Synthetic air for monitoring atmospheric levels of carbon dioxide and methane prepared in the lab

The first ever fully synthetic standard air, which can be used as a reference to calibrate atmospheric monitoring equipment, has been produced by researchers in the UK.

Scientists tracking levels of greenhouse gases like methane and carbon dioxide need a primary reference standard to compare their measurements to, but at the moment the only available standards for these gases come from air samples collected at the top of Niwot Ridge mountain in Colorado, which are stored at the US National Oceanic and Atmospheric Administration (NOAA).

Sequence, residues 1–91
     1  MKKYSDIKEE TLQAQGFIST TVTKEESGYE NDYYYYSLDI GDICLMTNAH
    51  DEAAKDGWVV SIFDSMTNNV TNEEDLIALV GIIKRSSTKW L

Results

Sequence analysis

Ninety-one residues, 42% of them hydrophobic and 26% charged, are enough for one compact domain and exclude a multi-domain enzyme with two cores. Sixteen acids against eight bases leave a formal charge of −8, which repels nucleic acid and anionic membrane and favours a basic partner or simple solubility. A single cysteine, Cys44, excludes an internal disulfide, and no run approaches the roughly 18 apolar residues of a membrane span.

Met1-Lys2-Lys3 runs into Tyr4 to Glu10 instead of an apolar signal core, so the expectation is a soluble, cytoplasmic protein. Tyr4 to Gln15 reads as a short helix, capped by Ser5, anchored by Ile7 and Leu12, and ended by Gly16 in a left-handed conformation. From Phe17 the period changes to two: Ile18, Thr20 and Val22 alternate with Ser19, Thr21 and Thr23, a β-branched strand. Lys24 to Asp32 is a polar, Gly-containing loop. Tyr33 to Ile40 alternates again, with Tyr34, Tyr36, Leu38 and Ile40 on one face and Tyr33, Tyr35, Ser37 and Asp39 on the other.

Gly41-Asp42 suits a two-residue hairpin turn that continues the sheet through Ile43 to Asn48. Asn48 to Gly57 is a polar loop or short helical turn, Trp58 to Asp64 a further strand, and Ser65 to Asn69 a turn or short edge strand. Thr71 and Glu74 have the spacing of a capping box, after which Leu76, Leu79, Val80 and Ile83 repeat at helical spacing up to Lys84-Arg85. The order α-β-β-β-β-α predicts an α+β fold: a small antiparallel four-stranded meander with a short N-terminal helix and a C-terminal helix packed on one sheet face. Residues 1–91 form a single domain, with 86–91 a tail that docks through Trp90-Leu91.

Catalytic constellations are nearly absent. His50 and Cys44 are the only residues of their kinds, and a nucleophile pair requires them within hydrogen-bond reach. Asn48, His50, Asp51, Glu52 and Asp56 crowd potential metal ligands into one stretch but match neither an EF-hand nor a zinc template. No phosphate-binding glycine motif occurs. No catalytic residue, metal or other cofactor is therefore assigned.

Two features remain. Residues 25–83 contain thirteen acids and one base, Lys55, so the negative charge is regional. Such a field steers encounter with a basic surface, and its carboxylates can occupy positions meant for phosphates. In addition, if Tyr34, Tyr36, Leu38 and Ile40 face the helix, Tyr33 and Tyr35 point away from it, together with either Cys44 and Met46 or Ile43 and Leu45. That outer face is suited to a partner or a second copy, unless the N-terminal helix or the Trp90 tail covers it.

Demand for standards is rising as the number of atmospheric measurements taken around the world increases, so Paul Brewer and colleagues at the National Physical Laboratory have blended synthetic air identical in composition to the samples held by the NOAA in the lab. They used high accuracy gravimetry – essentially weighing the different gas components in the cylinder – to mix their standards, ensuring the correct isotopic composition of carbon dioxide by using a blend of carbon-12 and carbon-13 enriched carbon dioxide. The techniques they used can be applied elsewhere, so labs around the world need not rely on samples from remote locations.